Graves That Save
Just past the perimeter of Joshua Tree Memorial Park’s manicured green lawns sit acres and acres of undeveloped desert. Joshua trees, so named by Mormon settlers for their purported resemblance to the biblical Joshua—his hands reaching toward the heavens in prayer—dot the rugged landscape, but a few hundred feet to the east stands a simple rectangular fence, marking off what, from a distance, looks like nothing at all.
Even upon closer inspection, the fence’s precise function is unclear. It corrals the same rocks and ground that extend for miles in every direction. And then I notice small, stainless steel pins in the ground, marking out 66 plots in what I soon will learn is the Joshua Tree Memorial Park’s natural burial section.
“The county requires that we put them in,” says Keith Yoder, the park’s superintendent, of the shiny, nonbiodegradable interlopers.
Unlike traditional burial, natural burial (also referred to as green burial) doesn’t seek to fight the effects of decomposition, but to harmonize with them by burying the body in a way that quickly recycles it into the ecosystem. Grave openings are prepared without the concrete vaults required for reinforcing standard graves, so the only thing in between the unpreserved body and soil is an organic fabric burial shroud or casket made from Earth-friendly material like wicker, cardboard, or bamboo. The graves themselves are dug by hand, and it can take a team of workers two to three days to do so—as opposed to the two to three hours it takes to dig a grave with heavy machinery.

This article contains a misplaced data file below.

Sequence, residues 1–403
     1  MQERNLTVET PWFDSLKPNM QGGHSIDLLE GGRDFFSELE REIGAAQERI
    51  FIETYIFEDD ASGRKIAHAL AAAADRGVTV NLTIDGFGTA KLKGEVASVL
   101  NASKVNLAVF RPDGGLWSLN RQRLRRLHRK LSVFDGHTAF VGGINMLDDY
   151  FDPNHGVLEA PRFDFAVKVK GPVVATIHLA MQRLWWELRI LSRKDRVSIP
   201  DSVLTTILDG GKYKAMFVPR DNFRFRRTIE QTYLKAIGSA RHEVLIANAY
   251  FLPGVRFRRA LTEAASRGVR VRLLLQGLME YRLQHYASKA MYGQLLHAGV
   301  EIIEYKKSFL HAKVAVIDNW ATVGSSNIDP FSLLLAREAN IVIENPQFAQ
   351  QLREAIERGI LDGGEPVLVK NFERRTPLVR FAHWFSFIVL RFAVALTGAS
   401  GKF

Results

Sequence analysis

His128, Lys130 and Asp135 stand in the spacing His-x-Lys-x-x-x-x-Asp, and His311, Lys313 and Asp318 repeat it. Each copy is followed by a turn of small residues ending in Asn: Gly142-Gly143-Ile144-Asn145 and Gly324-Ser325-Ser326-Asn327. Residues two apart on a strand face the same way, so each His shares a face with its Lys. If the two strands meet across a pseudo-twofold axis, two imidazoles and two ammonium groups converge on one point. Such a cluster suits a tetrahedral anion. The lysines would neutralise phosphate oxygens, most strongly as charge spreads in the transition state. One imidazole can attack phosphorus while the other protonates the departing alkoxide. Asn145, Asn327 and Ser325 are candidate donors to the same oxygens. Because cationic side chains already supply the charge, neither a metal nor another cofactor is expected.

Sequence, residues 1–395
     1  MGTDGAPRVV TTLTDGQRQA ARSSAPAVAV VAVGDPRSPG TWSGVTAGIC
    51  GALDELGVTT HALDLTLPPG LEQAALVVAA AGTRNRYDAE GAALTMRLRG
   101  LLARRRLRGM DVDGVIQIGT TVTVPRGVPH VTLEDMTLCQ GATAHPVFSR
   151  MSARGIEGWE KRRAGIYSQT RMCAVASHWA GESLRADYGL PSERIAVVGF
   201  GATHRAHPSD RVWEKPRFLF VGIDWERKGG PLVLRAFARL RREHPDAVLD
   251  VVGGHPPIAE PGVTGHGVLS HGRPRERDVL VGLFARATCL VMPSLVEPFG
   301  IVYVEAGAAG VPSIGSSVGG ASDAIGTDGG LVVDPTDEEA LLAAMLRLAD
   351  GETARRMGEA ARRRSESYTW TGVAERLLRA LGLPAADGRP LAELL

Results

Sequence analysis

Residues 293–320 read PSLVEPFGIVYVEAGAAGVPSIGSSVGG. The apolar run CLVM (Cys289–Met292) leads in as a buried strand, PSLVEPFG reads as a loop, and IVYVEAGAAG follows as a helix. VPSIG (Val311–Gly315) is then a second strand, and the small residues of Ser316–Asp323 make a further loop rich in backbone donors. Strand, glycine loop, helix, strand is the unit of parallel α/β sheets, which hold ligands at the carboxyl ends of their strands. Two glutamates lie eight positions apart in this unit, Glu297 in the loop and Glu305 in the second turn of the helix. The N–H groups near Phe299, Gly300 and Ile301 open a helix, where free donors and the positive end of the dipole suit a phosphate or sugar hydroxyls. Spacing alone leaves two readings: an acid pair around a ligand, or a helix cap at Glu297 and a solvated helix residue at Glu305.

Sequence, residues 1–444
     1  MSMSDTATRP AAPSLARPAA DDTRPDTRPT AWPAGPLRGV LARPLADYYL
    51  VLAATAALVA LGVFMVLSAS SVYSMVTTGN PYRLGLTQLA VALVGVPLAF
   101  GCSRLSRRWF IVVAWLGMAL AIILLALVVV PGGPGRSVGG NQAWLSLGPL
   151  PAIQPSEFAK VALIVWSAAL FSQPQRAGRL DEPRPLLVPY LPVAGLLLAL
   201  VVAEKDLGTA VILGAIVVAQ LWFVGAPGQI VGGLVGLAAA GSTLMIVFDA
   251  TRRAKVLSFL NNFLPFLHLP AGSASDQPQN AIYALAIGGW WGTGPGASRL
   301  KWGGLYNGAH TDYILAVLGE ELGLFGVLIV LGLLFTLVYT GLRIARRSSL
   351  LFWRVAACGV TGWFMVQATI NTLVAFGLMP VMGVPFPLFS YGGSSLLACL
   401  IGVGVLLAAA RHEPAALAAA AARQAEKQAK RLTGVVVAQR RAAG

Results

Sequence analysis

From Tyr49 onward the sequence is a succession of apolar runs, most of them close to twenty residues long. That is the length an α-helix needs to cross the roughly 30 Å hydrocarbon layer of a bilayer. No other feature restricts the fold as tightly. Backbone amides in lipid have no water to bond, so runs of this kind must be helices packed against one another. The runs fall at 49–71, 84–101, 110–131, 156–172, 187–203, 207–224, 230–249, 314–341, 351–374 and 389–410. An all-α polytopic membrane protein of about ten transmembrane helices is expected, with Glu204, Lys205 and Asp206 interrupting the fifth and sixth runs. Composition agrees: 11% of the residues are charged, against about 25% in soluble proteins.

“It gets very hot, and it’s hard work, but it’s more rewarding,” says Yoder.
Born from a conversation within the environmental movement of the mid-1990s, natural burial has been gaining popularity ever since, particularly in the last few years, and is part of a larger trend, paradoxical to some: the effort to make human death itself more sustainable. It is being engineered by social innovators all over the world who believe end-of-life decisions that take into account the future well-being of the planet are part of this generation’s legacy of environmental stewardship.
Maggie Matthews, funeral director and general manager at the Joshua Tree Memorial Park, thinks it’s about time that the larger cultural conversation about personal impact has crept into her professional domain. “We know that the choices we make have consequences,” she says. “As the world trends toward people asking themselves, ‘How can I be more environmentally conscious in my life?’ and as they get older, ‘How can I be more environmentally conscious in my death?’ it makes sense that natural burial would be a solution for some.”
Rituals surrounding death, of course, aren’t just there to comfort the dying; they’re also there for the living, offering them a sense of order amid chaos. According to Matthews, a burial that considers the planet doesn’t reduce burial to a mere utilitarian act, devoid of meaning. “You don’t have to have a casket out there,” she tells me from her eclectic showroom, sprinkled with brochures about making glass sculptures out of cremated human remains and jewelry from thumbprints of the deceased. “We’ve had burials where the families are actually lowering a shrouded body into the grave, holding the strap, right there with us, and there’s just something totally different about that experience.”